So far, 32,906 street vendors have been registered, and 22,109 of them have Addis Ababa IDs, according to Zewdu Lema, Informal Trade Registration and Licensing Facilitation team leader at the Trade Bureau. So far, 4,968 have taken badges. “It is a three year pilot project we launched in 47 woredas of the capital. But now all 116 woredas are asking, because the street vending is expanding even to the outskirt areas. Some open spaces have been identified for this purpose. But so far, it started in few spots like around the Tor Hailoch area. We have forwarded the issue of street vendors who have no ID to the Mayor’s Office.”

For Sisay, the vicious cycle of unemployment-migration-informal sector will end only if all towns work by adopting and implementing ‘mini industrial parks’ approach. Since last year, the government has allowed regional towns to build their own version of industrial parks. Regional states can develop such parks on 50, 100, and 250 hectares of land, based on their capacity. The Addis Ababa city government is also in search of open space, according to Sisay.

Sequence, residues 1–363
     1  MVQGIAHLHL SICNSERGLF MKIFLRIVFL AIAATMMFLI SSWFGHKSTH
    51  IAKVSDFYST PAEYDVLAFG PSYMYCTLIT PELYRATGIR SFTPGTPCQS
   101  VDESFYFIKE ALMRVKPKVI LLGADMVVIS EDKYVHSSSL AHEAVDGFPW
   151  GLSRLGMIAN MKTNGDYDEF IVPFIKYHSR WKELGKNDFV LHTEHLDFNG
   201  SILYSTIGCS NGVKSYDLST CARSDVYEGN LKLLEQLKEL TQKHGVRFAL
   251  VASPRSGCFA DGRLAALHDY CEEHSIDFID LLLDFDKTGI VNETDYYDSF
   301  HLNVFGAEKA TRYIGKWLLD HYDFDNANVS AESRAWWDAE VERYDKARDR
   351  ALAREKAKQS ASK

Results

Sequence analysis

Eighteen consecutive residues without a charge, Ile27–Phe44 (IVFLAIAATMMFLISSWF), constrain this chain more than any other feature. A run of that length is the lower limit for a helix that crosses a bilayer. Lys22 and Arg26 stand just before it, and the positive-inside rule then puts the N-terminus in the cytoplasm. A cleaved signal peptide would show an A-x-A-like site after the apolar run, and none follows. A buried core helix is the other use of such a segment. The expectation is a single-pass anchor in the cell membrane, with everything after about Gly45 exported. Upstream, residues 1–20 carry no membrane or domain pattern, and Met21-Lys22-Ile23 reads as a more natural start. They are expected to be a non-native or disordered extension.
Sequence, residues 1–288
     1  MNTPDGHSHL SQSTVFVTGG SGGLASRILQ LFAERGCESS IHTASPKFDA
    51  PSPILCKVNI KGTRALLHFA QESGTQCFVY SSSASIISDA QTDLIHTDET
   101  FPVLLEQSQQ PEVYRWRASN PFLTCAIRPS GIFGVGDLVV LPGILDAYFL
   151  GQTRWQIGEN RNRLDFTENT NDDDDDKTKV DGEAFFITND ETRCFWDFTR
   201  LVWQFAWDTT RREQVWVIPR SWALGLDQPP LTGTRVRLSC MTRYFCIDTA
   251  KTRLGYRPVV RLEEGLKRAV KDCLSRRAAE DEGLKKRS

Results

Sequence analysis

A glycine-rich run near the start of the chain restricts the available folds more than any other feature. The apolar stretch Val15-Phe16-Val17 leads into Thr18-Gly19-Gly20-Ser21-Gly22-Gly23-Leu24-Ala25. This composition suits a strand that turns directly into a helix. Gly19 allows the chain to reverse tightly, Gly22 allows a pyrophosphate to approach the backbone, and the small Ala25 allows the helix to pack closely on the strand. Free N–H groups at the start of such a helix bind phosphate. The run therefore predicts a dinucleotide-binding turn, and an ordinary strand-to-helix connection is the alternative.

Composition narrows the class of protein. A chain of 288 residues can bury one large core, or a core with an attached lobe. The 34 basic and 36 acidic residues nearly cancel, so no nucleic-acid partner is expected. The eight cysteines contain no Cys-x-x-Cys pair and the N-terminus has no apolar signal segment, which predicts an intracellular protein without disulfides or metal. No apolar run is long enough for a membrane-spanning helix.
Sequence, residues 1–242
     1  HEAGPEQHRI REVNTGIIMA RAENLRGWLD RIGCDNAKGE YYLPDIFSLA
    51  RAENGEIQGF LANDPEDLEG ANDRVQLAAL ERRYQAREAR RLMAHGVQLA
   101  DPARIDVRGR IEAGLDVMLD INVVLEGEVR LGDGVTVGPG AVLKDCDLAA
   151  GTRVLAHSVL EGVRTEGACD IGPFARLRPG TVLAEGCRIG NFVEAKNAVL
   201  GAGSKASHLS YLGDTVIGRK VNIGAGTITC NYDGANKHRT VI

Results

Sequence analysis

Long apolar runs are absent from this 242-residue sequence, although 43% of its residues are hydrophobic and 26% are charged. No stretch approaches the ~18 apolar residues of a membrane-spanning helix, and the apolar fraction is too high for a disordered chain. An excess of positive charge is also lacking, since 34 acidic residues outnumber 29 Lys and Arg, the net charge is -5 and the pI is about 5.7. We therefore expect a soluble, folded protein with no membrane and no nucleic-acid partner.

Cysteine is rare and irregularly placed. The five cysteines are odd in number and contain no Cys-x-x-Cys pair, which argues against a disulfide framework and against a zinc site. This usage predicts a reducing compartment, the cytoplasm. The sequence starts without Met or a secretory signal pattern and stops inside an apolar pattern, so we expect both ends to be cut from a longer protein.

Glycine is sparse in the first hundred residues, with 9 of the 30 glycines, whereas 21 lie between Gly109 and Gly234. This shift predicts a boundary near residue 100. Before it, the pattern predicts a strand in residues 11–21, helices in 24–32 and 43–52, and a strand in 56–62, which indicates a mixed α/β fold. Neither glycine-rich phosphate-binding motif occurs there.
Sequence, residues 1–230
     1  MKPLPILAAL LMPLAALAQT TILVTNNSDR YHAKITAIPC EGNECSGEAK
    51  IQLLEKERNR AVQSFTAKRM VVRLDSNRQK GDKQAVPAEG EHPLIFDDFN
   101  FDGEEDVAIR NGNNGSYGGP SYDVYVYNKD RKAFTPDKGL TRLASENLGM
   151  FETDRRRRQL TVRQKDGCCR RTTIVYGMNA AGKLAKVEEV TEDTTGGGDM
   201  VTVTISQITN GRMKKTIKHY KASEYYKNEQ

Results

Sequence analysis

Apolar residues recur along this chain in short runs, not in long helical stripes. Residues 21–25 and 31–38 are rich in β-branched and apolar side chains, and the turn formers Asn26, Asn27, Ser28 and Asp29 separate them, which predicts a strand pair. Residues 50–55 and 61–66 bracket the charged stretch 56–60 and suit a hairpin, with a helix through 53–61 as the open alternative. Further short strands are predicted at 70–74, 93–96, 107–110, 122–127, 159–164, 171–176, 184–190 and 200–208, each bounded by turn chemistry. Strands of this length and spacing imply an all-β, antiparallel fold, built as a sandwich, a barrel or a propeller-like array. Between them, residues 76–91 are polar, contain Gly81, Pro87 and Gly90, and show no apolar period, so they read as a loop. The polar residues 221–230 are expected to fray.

“Mini industrial parks will make a big difference, if they are well-implemented. Small industries, which have had under serious problems of land shortage, will find space. It can also take huge numbers of youth, in every town.”

However, for others like Sintayehu, who depend on street vending, it is not just an issue of survival, but success. “I need to accumulate capital so I start good business one day,” he says. “I want to distribute products to regions.”

7th Year • Dec.16 – Jan.15 2019 • No. 69

Ashenafi Endale